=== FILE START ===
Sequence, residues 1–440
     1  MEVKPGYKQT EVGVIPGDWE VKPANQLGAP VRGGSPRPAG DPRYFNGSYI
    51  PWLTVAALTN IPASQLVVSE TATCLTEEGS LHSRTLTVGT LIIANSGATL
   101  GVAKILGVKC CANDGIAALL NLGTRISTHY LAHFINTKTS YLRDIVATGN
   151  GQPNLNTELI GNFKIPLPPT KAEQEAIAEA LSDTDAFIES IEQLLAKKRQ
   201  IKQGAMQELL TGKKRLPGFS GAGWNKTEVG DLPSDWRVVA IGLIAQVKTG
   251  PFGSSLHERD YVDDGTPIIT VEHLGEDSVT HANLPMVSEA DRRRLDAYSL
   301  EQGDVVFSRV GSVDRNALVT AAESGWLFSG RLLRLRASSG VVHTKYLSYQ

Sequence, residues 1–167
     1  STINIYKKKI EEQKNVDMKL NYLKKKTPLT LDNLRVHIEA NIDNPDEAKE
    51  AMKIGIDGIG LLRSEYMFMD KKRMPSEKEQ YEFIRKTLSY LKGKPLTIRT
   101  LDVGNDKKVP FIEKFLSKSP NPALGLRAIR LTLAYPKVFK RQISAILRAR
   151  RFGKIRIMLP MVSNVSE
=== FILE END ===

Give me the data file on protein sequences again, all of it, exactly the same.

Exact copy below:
Sequence, residues 1–440
     1  MEVKPGYKQT EVGVIPGDWE VKPANQLGAP VRGGSPRPAG DPRYFNGSYI
    51  PWLTVAALTN IPASQLVVSE TATCLTEEGS LHSRTLTVGT LIIANSGATL
   101  GVAKILGVKC CANDGIAALL NLGTRISTHY LAHFINTKTS YLRDIVATGN
   151  GQPNLNTELI GNFKIPLPPT KAEQEAIAEA LSDTDAFIES IEQLLAKKRQ
   201  IKQGAMQELL TGKKRLPGFS GAGWNKTEVG DLPSDWRVVA IGLIAQVKTG
   251  PFGSSLHERD YVDDGTPIIT VEHLGEDSVT HANLPMVSEA DRRRLDAYSL
   301  EQGDVVFSRV GSVDRNALVT AAESGWLFSG RLLRLRASSG VVHTKYLSYQ

Sequence, residues 1–167
     1  STINIYKKKI EEQKNVDMKL NYLKKKTPLT LDNLRVHIEA NIDNPDEAKE
    51  AMKIGIDGIG LLRSEYMFMD KKRMPSEKEQ YEFIRKTLSY LKGKPLTIRT
   101  LDVGNDKKVP FIEKFLSKSP NPALGLRAIR LTLAYPKVFK RQISAILRAR
   151  RFGKIRIMLP MVSNVSE